Suns' toughness led to win over Lakers

For the better part of the decade, the Phoenix Suns have doctored their lineup in the offseason with one goal in mind: Counterpunching their No. 1 nemesis, Tim Duncan and the San Antonio Spurs.

Amar'e Stoudemire, the Suns first line of defense in the early 2000s, was too inexperienced at the time and too small. Next came Kurt Thomas, a bull who also was out-fundamentalled by Duncan.

Shaquille O'Neal came to the desert two years ago, but he was too slow and too old to stop the post-season bleeding.

Enter Robin Lopez, the curly-haired 7-footer from Stanford whose twin brother came into the NBA more ballyhooed in the 2008 draft.

Lopez made an impact for the Suns after the All-Star break, but missed the last two weeks of the regular season and first two rounds of the postseason with a bulging disc.

Ironically, they didn't need him in finally exorcising their demons from Texas in the second round.

They need him now against those California sequoias. Lopez brought his buzz saw, and so did the much-criticized Stoudemire in Game 3 of the Western Conference finals Sunday.

The NBA's best bombardiers imploded, missing 15 of 20 threes. But Lopez and Stoudemire put on their hard hats, lowered their heads and stormed the hoop against the Los Angeles Lakers.

That two-game bloodbath in the Staples Center last week turned into a celebration of orange, centered largely around the Suns two big men and their blitzkrieg to the bucket.

"Well, they attacked the hoop today,'' said Lakers coach Phil Jackson. "And, you know, earned 42 foul shots. And that's really the game plan. We seemed to be staying at home on the three-point shooters, and Stoudemire and Lopez had the night for them.''

Lopez, in only his third game since March 27, did more than score 20 points. He got nasty, earning a technical for elbowing Derek Fisher. He growled at both ends. He even surprised the general manager who drafted him. "He played great all year, but I don't think we expected 20 points from him.''

Lopez is the ultimate grunt for these flashy Suns, the one who embraces the dirty work -- and the dirty glare. "I just needed to make sure I kept people off the boards, stepped up on defense when there is penetration and offensively, when I had an opportunity, I needed to take it whether it was to get the ball to somebody else or attack the rim."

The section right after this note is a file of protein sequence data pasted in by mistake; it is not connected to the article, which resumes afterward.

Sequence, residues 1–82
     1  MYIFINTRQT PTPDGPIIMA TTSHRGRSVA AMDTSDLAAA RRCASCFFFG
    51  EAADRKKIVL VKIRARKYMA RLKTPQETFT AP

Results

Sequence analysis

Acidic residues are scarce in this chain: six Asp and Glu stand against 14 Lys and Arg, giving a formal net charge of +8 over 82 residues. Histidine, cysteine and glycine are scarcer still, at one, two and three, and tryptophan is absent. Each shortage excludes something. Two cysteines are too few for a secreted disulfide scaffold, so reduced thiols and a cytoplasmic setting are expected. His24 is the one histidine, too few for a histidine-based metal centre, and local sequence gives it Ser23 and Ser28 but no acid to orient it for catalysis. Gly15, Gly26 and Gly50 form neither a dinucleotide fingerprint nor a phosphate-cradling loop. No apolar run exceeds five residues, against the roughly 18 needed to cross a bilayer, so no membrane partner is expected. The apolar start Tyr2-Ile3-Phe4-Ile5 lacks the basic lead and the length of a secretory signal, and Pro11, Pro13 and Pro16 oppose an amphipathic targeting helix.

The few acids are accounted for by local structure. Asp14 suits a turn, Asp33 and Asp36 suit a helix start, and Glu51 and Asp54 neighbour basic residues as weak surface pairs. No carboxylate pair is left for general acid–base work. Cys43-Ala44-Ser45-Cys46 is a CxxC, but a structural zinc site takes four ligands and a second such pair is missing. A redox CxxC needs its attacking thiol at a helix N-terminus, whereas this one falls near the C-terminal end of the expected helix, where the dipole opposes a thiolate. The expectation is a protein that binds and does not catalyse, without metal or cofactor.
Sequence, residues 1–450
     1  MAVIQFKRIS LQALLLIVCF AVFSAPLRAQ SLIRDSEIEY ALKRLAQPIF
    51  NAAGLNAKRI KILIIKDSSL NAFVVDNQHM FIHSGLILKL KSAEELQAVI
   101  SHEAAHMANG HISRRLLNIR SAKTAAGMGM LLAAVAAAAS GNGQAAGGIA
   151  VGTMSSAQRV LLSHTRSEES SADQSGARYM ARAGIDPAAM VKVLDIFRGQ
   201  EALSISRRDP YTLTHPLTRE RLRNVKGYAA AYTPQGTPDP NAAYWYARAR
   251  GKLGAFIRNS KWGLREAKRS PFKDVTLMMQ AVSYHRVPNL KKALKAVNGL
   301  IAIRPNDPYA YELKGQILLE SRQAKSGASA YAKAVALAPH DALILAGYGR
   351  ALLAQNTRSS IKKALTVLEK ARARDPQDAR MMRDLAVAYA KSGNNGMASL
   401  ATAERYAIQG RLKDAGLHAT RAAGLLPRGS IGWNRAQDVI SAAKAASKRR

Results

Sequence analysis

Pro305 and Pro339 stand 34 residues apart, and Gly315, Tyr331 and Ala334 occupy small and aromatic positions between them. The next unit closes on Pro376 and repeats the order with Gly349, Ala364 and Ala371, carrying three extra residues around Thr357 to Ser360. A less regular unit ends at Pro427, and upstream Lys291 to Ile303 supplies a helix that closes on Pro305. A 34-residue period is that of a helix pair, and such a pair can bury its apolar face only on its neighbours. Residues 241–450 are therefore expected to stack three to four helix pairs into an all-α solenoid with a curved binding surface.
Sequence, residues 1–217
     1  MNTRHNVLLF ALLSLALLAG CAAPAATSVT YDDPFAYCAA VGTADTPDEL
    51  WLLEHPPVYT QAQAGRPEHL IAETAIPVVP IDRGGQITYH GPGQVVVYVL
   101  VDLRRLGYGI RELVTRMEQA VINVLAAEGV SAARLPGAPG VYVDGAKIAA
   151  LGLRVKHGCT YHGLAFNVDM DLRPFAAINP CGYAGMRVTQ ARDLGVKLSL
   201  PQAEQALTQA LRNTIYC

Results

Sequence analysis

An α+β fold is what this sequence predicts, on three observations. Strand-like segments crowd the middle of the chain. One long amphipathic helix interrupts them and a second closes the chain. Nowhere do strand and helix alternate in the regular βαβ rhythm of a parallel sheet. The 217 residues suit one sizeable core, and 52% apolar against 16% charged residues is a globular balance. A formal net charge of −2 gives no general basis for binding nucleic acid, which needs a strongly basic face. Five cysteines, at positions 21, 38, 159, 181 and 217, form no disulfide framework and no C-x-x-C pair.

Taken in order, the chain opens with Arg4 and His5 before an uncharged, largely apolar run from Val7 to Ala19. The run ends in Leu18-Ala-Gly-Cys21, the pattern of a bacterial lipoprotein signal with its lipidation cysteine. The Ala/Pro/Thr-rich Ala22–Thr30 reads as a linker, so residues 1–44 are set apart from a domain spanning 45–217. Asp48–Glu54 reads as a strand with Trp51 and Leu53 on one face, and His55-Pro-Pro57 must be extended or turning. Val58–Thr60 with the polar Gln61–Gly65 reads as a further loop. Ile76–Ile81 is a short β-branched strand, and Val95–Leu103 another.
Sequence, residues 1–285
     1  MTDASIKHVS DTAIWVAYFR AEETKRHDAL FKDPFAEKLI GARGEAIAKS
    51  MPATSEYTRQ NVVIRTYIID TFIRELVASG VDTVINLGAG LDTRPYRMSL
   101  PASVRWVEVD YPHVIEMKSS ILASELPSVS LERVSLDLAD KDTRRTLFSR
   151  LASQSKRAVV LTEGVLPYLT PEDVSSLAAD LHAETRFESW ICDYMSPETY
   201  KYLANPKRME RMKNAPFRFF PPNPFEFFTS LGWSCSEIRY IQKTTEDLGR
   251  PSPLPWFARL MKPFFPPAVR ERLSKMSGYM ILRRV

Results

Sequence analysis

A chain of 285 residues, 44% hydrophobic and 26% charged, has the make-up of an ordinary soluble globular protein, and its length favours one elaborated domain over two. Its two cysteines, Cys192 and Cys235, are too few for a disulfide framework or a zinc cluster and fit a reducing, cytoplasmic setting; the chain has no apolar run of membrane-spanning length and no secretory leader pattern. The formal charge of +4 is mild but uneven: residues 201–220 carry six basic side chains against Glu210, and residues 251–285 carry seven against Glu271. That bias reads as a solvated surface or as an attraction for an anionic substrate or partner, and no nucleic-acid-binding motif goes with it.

Who didn't attack the rim? Stoudemire led the charge with a career playoff-tying 42 points and 11 rebounds. He was so aggressive he suffered a cut on his forehead from a glancing blow to his goggles.

This was his answer to critics who chastised him for his passivity in the first two games in which he totaled 41 points and nine rebounds.

He said the criticism didn't affect him, however. "Not at all. Just the fact that I wanted to win, how important the game was - that's what motivated me and my teammates. We couldn't afford to go down 3-0.''

He was asked if he agreed with the local criticism. The All-Star who can opt out of his contract this summer didn't flinch. "Everybody is going to have their opinions. But from my standpoint, you can never question my determination, my focus, my dedication.''

Not Sunday.

Stoudemire led the parade to the line, hitting 14 of 18. The Suns sank 37 of 42 free throws, piling up 15 fouls on the Lakers trees -- four on Andrew Bynum, three on Pau Gasol and six on Lamar Odom.

Odom, who averaged 18 points and 15 rebounds in L.A., was largely a non-factor. "He had a game he doesn't want to remember,'' said Jackson.

The Suns played a game they want to copy Tuesday. Did someone say defense? They actually played some in Game 3 after allowing the Lakers to average 126 points and shoot nearly 58 percent the first two games.

Midway through the first quarter, with Kobe Bryant making his first five shots before missing a left-handed jumper on his way to 15 first quarter points and 36 in all, the Suns went to a zone defense

The result - the Lakers finished the quarter 4-for-19 --- encouraged Suns coach Alvin Gentry to stick with it the rest of the game.

Bingo. The Lakers jacked up an un-Laker-like 32 threes (they made nine) and coughed up 17 turnovers.

Ron Artest, a thorn in the Lakers' victories with 18 and 14 points, missed 9 of 13 shots, including 5 of 7 from three-point range.

That was more than enough for the Suns to overcome another huge game from Bryant and a poor three-point shooting game. That included another hapless performance for Channing Fyre, who was 0-for-7 Sunday and is now 1-for-20 in the series.

So now we have a series. Virtually left for dead, the Suns never panicked. They circled their wagon. No need for a Knute Rockne speech pre-game, said Gentry. "If we need that, we're in deep trouble,'' he said.

They're still not out of the dungeon. The Lakers stayed in this game until the final four minutes.

Steve Nash finished the game with 17 points, 15 rebounds, one turnover and a rearranged nose he broke against the Spurs. He matched toughness with Lopez and Stoudemire. "That's got to be our calling card,'' said Nash. "We can't make excuses about how big they are and the matchup problems and all that stuff. We've got to fight tooth and nail.''

And nose ... elbow ... and forehead.